Peacekeeping: UN Searching For Shock Troops

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January 25, 2006: The UN appears to get getting tired of peacekeeping missions that drag on. Now there is more talk at the UN in favor of "Peace Enforcement" operations. For example, when the UN finally decided to do the "Peace Enforcement" thing in Sierra Leone, the whole business was cleared up in a couple of weeks. Such strong arm tactics are also working in Congo, where peacekeepers have been turned loose on militias that have long opposed settling down.

The UN has long been reluctant to engage in peace making, partly for philosophical and PR reasons, and partly for practical ones. The sad fact is that few countries have troops capable of the professionally executed operations required for peace making. To shut down troublemakers, you have to move fast, otherwise you get bogged down in low level violence that favors the irregulars. Everyone knows that a few thousand American, British or French troops could go into these areas and shut down the armed gangs that pass for "armies" in these crises areas. That's what happened in Sierra Leone (where British troops did the work.) These troops have the advantage of training, leadership, and rapid transportation (high tech armored vehicles or helicopters and other aircraft.) There are also second rank forces, like Bangladesh and Pakistan, which will go in on foot and clean out all but the most hard core warlord forces.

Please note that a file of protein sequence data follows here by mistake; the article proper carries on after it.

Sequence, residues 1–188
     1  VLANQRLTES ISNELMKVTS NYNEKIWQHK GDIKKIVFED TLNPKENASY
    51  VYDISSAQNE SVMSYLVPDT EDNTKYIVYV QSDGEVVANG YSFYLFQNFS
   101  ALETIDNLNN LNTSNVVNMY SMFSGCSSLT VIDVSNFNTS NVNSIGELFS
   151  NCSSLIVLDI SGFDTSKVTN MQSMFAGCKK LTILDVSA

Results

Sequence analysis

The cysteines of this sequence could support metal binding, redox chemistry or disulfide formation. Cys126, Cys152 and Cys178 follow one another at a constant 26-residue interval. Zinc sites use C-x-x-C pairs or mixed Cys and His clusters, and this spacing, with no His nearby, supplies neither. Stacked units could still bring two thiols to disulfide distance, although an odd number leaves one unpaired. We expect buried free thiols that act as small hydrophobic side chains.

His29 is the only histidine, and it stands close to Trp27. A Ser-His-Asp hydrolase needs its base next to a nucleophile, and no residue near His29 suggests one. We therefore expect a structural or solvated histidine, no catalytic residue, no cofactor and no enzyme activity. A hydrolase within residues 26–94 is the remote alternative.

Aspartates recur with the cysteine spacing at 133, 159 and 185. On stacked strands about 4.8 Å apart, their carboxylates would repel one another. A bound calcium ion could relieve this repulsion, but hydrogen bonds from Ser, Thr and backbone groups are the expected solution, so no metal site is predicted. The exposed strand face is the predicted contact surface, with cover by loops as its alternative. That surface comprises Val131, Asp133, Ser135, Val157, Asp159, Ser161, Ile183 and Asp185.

But nations with competent troops, are not keen on sending a lot of them off to work for the UN. Pakistan and Bangladesh have contributed 17,000 troops to UN peacekeeping efforts, and are unable to provide many more. The Western nations note that whenever they send troops to these peacekeeping missions, the troops are often stuck on the job for years and years (like the Balkans).

The UN is trying to work out a deal whereby the first rate troops go in and shut down the warlords, followed by less capable forces to do the usual peacekeeping. While there is a lot of international support for this, the few nations possessing the "shock troops," are not as enthusiastic. They don't trust the UN to use their highly trained troops in a responsible manner. The UN leadership has long been known for its corruption and incompetence, and that is not expected to change anytime soon.

 


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